Herschel links star formation to sonic booms

April 13, 2011
Dense filaments of gas in the IC5146 interstellar cloud. This image was taken by ESA’s Herschel space observatory at infrared wavelengths 70, 250 and 500 microns. Stars are forming along these filaments. Credit: ESA/Herschel/SPIRE/PACS/D. Arzoumanian (CEA Saclay) for the “Gould Belt survey” Key Programme Consortium.

(PhysOrg.com) -- ESA's Herschel space observatory has revealed that nearby interstellar clouds contain networks of tangled gaseous filaments. Intriguingly, each filament is approximately the same width, hinting that they may result from interstellar sonic booms throughout our Galaxy.

The filaments are huge, stretching for tens of light years through space and has shown that newly-born stars are often found in the densest parts of them. One filament imaged by Herschel in the Aquila region contains a cluster of about 100 infant stars.

Such filaments in interstellar clouds have been glimpsed before by other infrared satellites, but they have never been seen clearly enough to have their widths measured. Now, Herschel has shown that, regardless of the length or density of a filament, the width is always roughly the same.

"This is a very big surprise," says Doris Arzoumanian, Laboratoire AIM Paris-Saclay, CEA/IRFU, the lead author on the paper describing this work. Together with Philippe André from the same institute and other colleagues, she analysed 90 filaments and found they were all about 0.3 light years across, or about 20 000 times the distance of Earth from the Sun. This consistency of the widths demands an explanation.

Herschel links star formation to sonic booms
The network of interstellar filaments in Polaris as imaged by ESA’s Herschel space observatory at infrared wavelengths 250, 350 and 500 microns. These filaments are not yet forming stars. Credits: ESA/Herschel/SPIRE/Ph. André (CEA Saclay) for the Gould Belt survey Key Programme Consortium and A. Abergel (IAS Orsay) for the Evolution of Interstellar Dust Key Programme Consortium.

Comparing the observations with computer models, the astronomers concluded that filaments are probably formed when slow shockwaves dissipate in the interstellar clouds. These shockwaves are mildly supersonic and are a result of the copious amounts of turbulent energy injected into interstellar space by exploding stars. They travel through the dilute sea of gas found in the Galaxy, compressing and sweeping it up into dense filaments as they go.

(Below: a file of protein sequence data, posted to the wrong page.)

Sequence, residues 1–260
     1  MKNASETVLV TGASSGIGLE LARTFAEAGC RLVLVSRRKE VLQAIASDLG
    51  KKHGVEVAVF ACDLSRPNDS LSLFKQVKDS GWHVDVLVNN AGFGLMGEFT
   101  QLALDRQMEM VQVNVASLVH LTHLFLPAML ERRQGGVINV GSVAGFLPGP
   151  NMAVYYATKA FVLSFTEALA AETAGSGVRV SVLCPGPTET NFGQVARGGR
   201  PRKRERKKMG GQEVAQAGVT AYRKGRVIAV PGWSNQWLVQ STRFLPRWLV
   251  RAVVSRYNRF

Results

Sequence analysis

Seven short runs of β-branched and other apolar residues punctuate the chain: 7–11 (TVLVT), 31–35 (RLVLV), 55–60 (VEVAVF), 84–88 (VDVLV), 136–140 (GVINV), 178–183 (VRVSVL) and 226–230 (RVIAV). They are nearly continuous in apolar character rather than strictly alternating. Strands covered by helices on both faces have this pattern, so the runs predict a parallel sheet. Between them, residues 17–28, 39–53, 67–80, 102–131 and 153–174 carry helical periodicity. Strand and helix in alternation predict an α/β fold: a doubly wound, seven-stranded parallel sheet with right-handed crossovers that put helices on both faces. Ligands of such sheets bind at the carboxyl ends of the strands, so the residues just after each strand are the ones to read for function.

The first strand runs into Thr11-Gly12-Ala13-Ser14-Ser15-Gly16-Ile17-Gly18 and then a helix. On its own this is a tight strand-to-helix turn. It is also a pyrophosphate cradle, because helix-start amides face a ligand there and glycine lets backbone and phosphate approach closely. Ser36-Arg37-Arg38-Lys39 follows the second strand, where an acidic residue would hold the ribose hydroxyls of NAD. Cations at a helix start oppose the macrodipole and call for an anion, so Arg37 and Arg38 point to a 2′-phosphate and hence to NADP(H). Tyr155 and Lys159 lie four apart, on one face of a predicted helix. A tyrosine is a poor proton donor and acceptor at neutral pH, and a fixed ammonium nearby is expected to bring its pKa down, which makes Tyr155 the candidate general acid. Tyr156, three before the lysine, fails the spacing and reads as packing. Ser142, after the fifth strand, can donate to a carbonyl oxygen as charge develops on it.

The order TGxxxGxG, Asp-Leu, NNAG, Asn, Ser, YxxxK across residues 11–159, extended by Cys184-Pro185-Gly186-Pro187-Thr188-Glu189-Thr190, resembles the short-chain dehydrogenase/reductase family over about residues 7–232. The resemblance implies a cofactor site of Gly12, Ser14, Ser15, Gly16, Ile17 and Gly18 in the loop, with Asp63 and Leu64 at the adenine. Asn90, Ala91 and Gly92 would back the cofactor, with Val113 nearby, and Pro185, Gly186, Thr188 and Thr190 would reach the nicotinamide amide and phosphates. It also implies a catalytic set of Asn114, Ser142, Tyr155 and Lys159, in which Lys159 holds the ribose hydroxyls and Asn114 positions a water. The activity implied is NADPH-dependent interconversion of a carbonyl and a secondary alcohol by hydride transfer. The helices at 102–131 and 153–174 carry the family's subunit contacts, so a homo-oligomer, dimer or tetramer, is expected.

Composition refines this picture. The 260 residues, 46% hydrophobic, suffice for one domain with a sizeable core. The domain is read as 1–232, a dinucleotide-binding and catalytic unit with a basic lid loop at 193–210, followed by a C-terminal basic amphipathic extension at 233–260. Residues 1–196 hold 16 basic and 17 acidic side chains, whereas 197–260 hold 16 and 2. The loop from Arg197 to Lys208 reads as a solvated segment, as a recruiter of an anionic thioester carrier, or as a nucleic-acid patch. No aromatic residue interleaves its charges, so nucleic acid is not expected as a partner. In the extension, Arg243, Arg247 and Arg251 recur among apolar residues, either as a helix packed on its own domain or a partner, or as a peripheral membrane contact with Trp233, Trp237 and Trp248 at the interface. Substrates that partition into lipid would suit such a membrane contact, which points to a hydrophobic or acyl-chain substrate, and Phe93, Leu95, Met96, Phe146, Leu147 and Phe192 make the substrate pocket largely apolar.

are usually extremely cold, about 10 degrees Kelvin above absolute zero, and this makes the speed of sound in them relatively slow at just 0.2 km/s, as opposed to 0.34 km/s in Earth's atmosphere at sea-level.

These slow shockwaves are the interstellar equivalent of sonic booms. The team suggests that as the sonic booms travel through the clouds, they lose energy and, where they finally dissipate, they leave these filaments of compressed material.

"This is not direct proof, but it is strong evidence for a connection between interstellar turbulence and filaments. It provides a very strong constraint on theories of star formation," says Dr André.

The team made the connection by studying three nearby clouds, known as IC5146, Aquila, and Polaris, using Herschel's SPIRE and PACS instruments.

"The connection between these filaments and star formation used to be unclear, but now thanks to Herschel, we can actually see stars forming like beads on strings in some of these filaments," says Göran Pilbratt, the ESA Herschel Project Scientist.

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1 / 5 (1) Apr 14, 2011
Thanks for publishing this interesting report.

It is indeed surprising to see "stars forming like beads on strings in some of these filaments," if that is the correct conclusion from the observations.
not rated yet Apr 15, 2011
I forget which documentary or 'history of the universe' type show I was watching, but it had an illustration of how gravity interacted in (one theory of) the early universe. It had an infinite array of equidistant balls bound by gravity. Once one was removed, it disrupted the equilibrium that was present (due to gravity drawing the balls together) and the resultant pattern in the mid-term was a kind of 'stranding' of the balls. They formed conduits which gathered the balls as the disruption moved it's way from the 'removed' ball.

Reading this summary reminded me of that example - the shock wave being the disruption of an otherwise relatively stable system.

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